I have a bunch of MP3s here with old Amiga MOD-music in them. If you don’t know what that is, you are missing out on a great chapter of computer music from the early 90s. Read more at Wikipedia.
There are many programs for playing the old MOD files, just see the Wiki entry. There is one problem though: If you have these tracks not as MOD, but alreadys converted to MP3 or something like that, you might find that they sound a bit weird, especially with headphones. You’ll hear some of the instruments only on the left, and some only on the right. The Amiga had 4 audio channels, 2 left, 2 right, and there was no overlap between them. If you just have speakers standing somewhere that usually isn’t a problem, but nowadays many people use headphones, and in that case it really sounds weird.
One could simply downmix them to mono now, but that wouldn’t sound very nice either. What we really want is to create a balanced mix, with left and right fully present on the left and right, but a bit of each channels sound mixed into the other channel. Personally, I found a mix of about 70% toward the “other side” to sound quite nice.
This can more or less quickly be done with any kind of sound editor like Audacity, but if you have more than two or three such files, it quickly becomes tedious. Luckily, there are command line tools that easily lend themselves for batching. One of them is Sox, the “Swiss Army-knife of sound conversion.” To quickly go through several directories worth of tracks, I wrote a small bash script that looks like this:
#!/bin/bash target="adjusted" mkdir $target for file in "$@" do tmpfile="$target/$file.tmp.wav" oggfile="$target/$file.ogg" sox "$file" "adjusted/$file.tmp.wav" mixer 1,0.7,0.7,1 oggenc -q 5 -o "adjusted/$file.ogg" "adjusted/$file.tmp.wav" rm "$tmpfile" done
I then simply change into the directory containing the files, say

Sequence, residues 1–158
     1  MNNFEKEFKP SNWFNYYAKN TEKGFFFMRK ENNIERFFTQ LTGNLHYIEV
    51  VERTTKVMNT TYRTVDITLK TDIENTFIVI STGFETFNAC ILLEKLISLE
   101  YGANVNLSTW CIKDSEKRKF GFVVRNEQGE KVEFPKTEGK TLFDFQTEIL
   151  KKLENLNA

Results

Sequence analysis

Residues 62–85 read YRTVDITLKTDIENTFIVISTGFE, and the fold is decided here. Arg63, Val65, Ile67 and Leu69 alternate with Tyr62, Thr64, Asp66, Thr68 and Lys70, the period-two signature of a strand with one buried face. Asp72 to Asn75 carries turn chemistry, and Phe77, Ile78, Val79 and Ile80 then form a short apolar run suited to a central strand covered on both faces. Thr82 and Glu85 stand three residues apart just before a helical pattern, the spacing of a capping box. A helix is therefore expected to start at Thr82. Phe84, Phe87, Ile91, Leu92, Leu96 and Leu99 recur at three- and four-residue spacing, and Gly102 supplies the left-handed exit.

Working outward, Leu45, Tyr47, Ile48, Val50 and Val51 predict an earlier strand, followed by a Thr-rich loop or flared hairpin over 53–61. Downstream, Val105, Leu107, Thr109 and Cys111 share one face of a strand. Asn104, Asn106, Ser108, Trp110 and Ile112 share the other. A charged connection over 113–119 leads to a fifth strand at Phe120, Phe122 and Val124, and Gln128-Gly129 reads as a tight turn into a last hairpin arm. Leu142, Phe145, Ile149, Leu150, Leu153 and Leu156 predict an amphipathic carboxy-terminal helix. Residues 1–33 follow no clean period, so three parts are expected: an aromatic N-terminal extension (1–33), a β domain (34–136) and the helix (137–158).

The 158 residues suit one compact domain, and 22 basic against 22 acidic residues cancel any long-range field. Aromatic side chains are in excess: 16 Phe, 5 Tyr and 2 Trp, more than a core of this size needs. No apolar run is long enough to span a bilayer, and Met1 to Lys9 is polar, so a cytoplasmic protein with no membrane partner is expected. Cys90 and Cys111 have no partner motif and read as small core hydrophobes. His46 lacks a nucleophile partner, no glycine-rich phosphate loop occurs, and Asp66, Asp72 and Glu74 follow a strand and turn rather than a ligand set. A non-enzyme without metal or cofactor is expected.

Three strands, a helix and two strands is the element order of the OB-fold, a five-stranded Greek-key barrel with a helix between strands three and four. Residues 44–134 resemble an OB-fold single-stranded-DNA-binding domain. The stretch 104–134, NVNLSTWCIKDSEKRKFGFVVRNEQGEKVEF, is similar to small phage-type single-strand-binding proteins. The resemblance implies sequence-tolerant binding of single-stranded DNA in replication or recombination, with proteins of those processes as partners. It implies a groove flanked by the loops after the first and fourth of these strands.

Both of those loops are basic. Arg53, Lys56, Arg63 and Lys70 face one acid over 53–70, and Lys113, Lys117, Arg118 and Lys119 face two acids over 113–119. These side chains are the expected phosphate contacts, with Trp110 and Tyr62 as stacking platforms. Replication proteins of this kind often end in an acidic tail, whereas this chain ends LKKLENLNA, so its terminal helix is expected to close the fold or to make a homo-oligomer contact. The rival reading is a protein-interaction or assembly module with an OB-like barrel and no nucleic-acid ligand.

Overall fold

downmix.sh *.mp3 and a few moments later I have a
adjusted that contains fresh ogg files with the properly downmixed tracks.
If you just want to use this, go ahead, install the packages sox and libsox-fmt-all on your Ubuntu machine, copy &
paste the above script into a file called
chmod u+x it, and you’re ready to go. If you want to know
what it actually does, read on for a quick overview.
The script iterates over all arguments, so you could call it with
downmix.sh file1 file2 file3 or
which is really the same thing, since the latter gets expanded by bash to the former. Sox is called for each file to
decode it into a WAV file, while using the mixer effect to, well, mix the audio channels. The argument for this effect
is a comma-separated list of relative values that tell it how to mix.
0 means “no sound”,
1 means “100%”. The first
number is left input on left output, the second is left input on right output. #3 is right input on left output and
finally #4 is right input on right output. My choice of
1,0.7,0.7,1 therefore keeps the left channel on 100% and adds
it with 70% volume to the right output channel too, thus moving it perceptually much closer to the center. The latter
two parameters do the same with the right channel - it’s sent with 70% of its volume to the left output, and then with
its full strength to the right output.
Now I finally can listen to some of my favorite music properly with headphones.